Some hypoallergenic formulas may have added prebiotics, probiotics and synbiotics to help support a balanced gut microbiota in food-allergic infants. 

These formulas need to be prepared with careful attention to the instructions on the tin.

Hypoallergenic formula with lactose as an ingredient

It is worth noting that some hypoallergenic infant formulas may contain lactose which is known to enhance the flavour. Lactose is a key primary carbohydrate present in breastmilk and has been shown to have a prebiotic effect, help shape the infant microbiota6-8 and facilitate calcium absorption 9.

EHFs containing purified lactose have also been found to be safe and effective in the treatment of CMA10-11.

It is, therefore, recommended to work with a paediatric dietitian to help determine the most appropriate formula for infants with CMA and receive expert advice and support.

Infant formula for infants with Cow's Milk Allergy from 1+ years of age

Breastfeeding is recommended as the optimal source of nutrition for infants from birth until two years of age and beyond. If mothers are unable to breastfeed, healthcare professionals should prescribe a suitable hypoallergenic formula until their infant is two years old.

After the age of two, a calcium and iodine-fortified plant-based milk alternative can be introduced, provided the child has a varied diet and is growing well.

For infants with poor growth or feeding difficulties, transitioning to a plant-based milk alternative may not be appropriate. Many of the available oat and coconut-based plant drinks can be low in fat, protein, and calories for children with higher energy requirements.

Parents should also be warned that rice-based drinks are not suitable for children under the age of 4 ½ years due to the presence of naturally occurring rice drinks5.

In such cases, once the infant is over 12 months of age, they can be transitioned onto the older child’s prescription of the 1+ or Junior range, as these formulas are higher in calories and protein whilst providing a good range of vitamins and minerals to support growth.

A review with a paediatric dietitian is important to ensure that the CMA child is on the most appropriate drink if they have not outgrown their milk allergy.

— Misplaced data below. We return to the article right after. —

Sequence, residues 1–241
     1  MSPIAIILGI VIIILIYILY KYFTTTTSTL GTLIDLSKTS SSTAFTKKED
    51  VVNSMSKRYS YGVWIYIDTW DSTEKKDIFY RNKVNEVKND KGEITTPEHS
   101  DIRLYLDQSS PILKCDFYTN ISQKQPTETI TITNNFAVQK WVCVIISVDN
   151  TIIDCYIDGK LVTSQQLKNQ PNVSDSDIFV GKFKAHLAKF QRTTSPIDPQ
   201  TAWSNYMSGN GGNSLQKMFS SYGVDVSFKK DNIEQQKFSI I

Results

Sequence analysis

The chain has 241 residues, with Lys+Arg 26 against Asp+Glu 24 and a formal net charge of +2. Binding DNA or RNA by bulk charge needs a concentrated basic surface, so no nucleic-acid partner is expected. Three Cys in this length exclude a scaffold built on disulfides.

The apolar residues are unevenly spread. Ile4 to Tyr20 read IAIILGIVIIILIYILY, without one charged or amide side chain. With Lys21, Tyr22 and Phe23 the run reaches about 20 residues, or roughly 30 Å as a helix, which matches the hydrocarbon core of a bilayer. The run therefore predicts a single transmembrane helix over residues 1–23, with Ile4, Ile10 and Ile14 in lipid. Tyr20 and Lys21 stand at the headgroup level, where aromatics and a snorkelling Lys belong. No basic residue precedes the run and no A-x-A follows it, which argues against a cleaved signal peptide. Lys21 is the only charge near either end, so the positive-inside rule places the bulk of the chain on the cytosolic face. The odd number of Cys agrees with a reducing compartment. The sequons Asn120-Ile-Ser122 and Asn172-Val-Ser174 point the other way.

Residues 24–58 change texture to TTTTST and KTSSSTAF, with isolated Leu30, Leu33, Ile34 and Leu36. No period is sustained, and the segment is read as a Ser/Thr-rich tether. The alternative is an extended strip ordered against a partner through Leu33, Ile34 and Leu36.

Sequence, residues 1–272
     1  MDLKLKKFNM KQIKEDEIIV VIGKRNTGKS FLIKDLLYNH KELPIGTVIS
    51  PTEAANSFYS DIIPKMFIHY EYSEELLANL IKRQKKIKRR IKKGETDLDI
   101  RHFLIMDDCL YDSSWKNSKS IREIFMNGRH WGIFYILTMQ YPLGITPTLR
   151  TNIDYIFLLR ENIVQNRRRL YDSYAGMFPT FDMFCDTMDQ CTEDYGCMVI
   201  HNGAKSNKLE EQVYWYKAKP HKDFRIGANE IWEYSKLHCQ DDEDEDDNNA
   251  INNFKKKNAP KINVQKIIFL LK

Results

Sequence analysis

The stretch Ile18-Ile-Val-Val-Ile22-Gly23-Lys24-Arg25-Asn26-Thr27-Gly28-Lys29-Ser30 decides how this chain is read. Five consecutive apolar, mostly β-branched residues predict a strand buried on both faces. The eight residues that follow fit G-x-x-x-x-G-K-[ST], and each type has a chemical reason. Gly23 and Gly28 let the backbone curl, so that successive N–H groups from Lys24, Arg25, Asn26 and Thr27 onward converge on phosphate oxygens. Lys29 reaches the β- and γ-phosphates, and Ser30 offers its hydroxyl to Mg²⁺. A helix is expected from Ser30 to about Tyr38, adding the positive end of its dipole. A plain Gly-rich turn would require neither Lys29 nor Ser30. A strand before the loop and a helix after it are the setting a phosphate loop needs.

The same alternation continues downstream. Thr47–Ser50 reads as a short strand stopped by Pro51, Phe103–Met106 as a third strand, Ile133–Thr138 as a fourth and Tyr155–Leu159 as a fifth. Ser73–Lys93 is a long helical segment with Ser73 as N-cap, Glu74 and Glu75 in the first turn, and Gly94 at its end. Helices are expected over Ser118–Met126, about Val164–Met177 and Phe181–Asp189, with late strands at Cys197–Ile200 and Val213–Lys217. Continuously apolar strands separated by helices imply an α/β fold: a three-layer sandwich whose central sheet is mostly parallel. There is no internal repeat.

Weaning advice when formula feeding

For infants diagnosed with CMA, the introduction of milk-free solids typically occurs around six months of age.  However, some infants may be ready to start solids earlier or may be advised to introduce high-allergenic foods as early as four months.

For comprehensive guidance on how to support parents with weaning CMA infants, please refer to the article 'Weaning with CMA'

Bahee Van de Bor

Bahee  is an award-winning registered paediatric dietitian with over 16 years of clinical experience and runs


  1. Maryniak NZ, et al. Alternatives to Cow's Milk-Based Infant Formulas in the Prevention and Management of Cow's Milk Allergy. Foods. 2022;11(7):926
  2. Venter C, et al. Better recognition, diagnosis and management of non-IgE-mediated cow's milk allergy in infancy: iMAP-an international interpretation of the MAP (Milk Allergy in Primary Care) guideline. Clin Transl Allergy 2017; 7:26. DOI.1186/s13601-017-0162-y
  3. The GP Infant Feeding Network. Milk Allergy in Primary Care (MAP) Guideline 2019. Healthcare Professional Factsheet. [internet] [cited 2023 March 14] Available from:
  4. D'Auria E, et al. Hydrolysed Formulas in the Management of Cow's Milk Allergy: New Insights, Pitfalls and Tips. Nutrients. 2021;13(8):2762. doi: 10.3390/nu13082762. PMID: 34444922; PMCID: PMC8401609.
  5. FSA. Warning against using rice milk for infants and young children. [internet] [cited 2023 March 14]  Available from:
  6. Romero-Velarde E, et al. The Importance of Lactose in the Human Diet: Outcomes of a Mexican Consensus Meeting. Nutrients. 2019;11(11):2737. doi: 10.3390/nu11112737. PMID: 31718111; PMCID: PMC6893676.
  7. Szilagyi A. Lactose-a potential prebiotic. Aliment. Pharmacol. Ther. 2002;16:1591–1602. doi: 10.1046/j.1365-2036.2002.01321.x.
  8. Szilagyi A. Redefining lactose as a conditional prebiotic. Can. J. Gastroenterol. 2004;18:163–167. doi: 10.1155/2004/350732.
  9. Abrams SA, et al. Calcium and zinc absorption from lactose-containing and lactose-free infant formulas. Am. J. Clin. Nutr. 2002;76:442–446. doi: 10.1093/ajcn/76.2.442.
  10. Niggemann B, et al. Safety and efficacy of a new extensively hydrolyzed formula for infants with cow’s milk protein allergy. Pediatr Allergy Immunol 2008;19:348–54.
  11. S. Koletzko et al. Diagnostic Approach and Management of Cow’s-Milk Protein Allergy in Infants and Children: ESPGHAN GI Committee Practical Guidelines. JPGN Volume 55, Number 2, August 2012